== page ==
"Why do white mommies in former model C schools bake cakes for cake sales? Because they can see that the school benefits their children. Why do the pineapple sellers on the N2 outside Grahamstown in the Eastern Cape remove desks from schools to use to display their pineapples? It seems to me that the sale of pineapples promises more return than a school," said Boughey.
Teacher training colleges to be reopened?
Teacher training is another common theme in most of the manifestos. The Inkatha Freedom Party, Congress of the People and the African National Congress all say they will "reopen teacher training colleges". Manuel said Naptosa supported this, but not without a "thorough debate about the model used in them", and only if attention is given to the "academic rigour and the reality of the passage of time on the model that existed prior to [the] closure" of these colleges.
"Colleges have been romanticised when, in reality, the quality in most was questionable but the model was good."
Mazeka lamented the parties' failure to mention what training would happen in classrooms. They show no intention of providing "classroom-based support to teachers during teaching and learning to ensure the landing of curriculum inside the classroom and how teachers adapt within different contexts", she said.
The parties' plans are commendable: if implemented, they would surely benefit South Africa's 12-million pupils greatly. But only the Democratic Alliance and Agang recognise the dire state of provincial departments and district offices and the support they would need to fulfil the promises.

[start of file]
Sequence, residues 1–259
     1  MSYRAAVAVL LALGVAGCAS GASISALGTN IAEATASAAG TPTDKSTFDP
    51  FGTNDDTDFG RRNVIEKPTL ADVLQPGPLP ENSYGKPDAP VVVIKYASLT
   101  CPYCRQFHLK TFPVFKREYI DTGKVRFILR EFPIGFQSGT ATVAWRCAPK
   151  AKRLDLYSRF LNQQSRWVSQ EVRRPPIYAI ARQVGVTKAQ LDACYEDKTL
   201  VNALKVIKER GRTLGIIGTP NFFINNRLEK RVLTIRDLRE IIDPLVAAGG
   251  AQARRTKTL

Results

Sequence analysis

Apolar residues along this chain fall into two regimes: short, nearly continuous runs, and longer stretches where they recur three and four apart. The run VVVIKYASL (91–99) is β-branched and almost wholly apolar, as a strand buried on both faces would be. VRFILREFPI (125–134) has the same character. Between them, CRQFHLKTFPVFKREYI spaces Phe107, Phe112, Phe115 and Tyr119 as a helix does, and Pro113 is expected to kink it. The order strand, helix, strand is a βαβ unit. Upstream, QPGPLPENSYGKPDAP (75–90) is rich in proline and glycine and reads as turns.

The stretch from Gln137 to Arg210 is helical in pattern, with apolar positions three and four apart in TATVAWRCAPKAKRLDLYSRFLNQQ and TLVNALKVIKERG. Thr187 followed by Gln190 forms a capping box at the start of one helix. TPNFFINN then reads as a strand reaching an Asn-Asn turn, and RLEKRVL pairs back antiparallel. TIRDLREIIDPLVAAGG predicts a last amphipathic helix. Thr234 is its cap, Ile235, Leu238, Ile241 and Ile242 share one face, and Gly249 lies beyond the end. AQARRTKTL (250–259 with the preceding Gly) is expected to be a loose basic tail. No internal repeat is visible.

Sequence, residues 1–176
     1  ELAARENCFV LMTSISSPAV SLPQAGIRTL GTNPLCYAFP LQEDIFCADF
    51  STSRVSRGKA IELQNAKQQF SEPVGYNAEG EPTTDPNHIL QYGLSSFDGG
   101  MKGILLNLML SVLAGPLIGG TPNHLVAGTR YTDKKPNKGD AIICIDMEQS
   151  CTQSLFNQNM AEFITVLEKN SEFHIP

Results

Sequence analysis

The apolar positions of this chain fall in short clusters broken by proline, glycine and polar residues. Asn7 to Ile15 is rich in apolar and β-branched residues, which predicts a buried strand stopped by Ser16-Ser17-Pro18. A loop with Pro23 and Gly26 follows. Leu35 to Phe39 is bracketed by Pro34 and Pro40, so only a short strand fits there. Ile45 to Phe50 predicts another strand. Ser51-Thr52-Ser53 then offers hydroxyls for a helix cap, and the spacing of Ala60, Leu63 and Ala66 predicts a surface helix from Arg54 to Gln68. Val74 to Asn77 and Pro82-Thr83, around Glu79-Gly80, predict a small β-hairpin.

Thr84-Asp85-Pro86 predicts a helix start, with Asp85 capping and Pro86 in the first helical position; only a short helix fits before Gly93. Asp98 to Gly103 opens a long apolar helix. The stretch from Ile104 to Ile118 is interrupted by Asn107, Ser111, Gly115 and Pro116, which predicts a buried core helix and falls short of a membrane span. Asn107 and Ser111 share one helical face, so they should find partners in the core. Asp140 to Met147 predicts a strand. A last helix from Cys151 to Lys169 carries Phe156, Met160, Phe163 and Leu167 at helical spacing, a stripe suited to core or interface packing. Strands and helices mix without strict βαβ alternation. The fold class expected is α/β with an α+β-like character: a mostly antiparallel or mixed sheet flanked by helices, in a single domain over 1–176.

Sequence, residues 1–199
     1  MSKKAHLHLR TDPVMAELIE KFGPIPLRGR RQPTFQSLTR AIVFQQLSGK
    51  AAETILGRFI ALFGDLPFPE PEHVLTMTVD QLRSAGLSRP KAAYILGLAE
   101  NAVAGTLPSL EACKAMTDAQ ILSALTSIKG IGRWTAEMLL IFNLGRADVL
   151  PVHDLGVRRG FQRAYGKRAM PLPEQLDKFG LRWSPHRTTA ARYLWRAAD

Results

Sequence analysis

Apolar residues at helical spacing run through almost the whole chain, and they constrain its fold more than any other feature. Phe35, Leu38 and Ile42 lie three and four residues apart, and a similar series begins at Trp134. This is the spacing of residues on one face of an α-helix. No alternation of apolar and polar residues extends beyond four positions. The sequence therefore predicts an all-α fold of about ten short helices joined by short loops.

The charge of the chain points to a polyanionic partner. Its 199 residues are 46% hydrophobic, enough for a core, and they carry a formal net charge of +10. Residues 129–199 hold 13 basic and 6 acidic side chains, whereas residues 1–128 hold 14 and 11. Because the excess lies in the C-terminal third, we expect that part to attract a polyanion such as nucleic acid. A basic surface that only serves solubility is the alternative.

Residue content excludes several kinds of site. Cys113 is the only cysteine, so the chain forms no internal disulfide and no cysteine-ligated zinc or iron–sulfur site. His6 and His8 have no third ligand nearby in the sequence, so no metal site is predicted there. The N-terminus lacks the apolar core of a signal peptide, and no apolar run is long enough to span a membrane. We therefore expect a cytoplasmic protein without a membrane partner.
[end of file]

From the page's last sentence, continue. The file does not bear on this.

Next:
Just the sheer number of times provincial education departments such as the Eastern Cape's have been taken to court by civil society organisations for not doing their jobs should be enough evidence that there is a serious problem with governance at that level.
Look no further than Limpopo
If more proof is needed, it is in one of the most important pronouncements on the calamity of provincial implementation of policy, in one of the reports on the Limpopo textbooks crisis of 2012.
The report, compiled in July that year by a team led by former higher education director general Mary Metcalfe, aimed to verify textbook delivery in the province.
It said that in the district offices visited by the team "the shortage of basic office equipment such as computers, fax machines and internet connectivity completely undermines efficiency and effectiveness", adding that "district offices must be provided with the necessary resources to communicate more effectively with schools, as a matter of urgency".
Although put broadly, Agang SA at least acknowledges the problem and says it will "build greater technical and educational expertise and managerial and administrative capacity within the national department of basic education and provincial education departments".
The DA says education outcomes will be improved by "excellent provincial administration of the education system to ensure that every child has a textbook, a trained and motivated teacher, and enough time in the classroom to master schoolwork".
Yet, unfortunately, "too few of the parties recognise this as a necessary intervention", said Brad Brockman, general secretary of nongovernmental organisation Equal Education.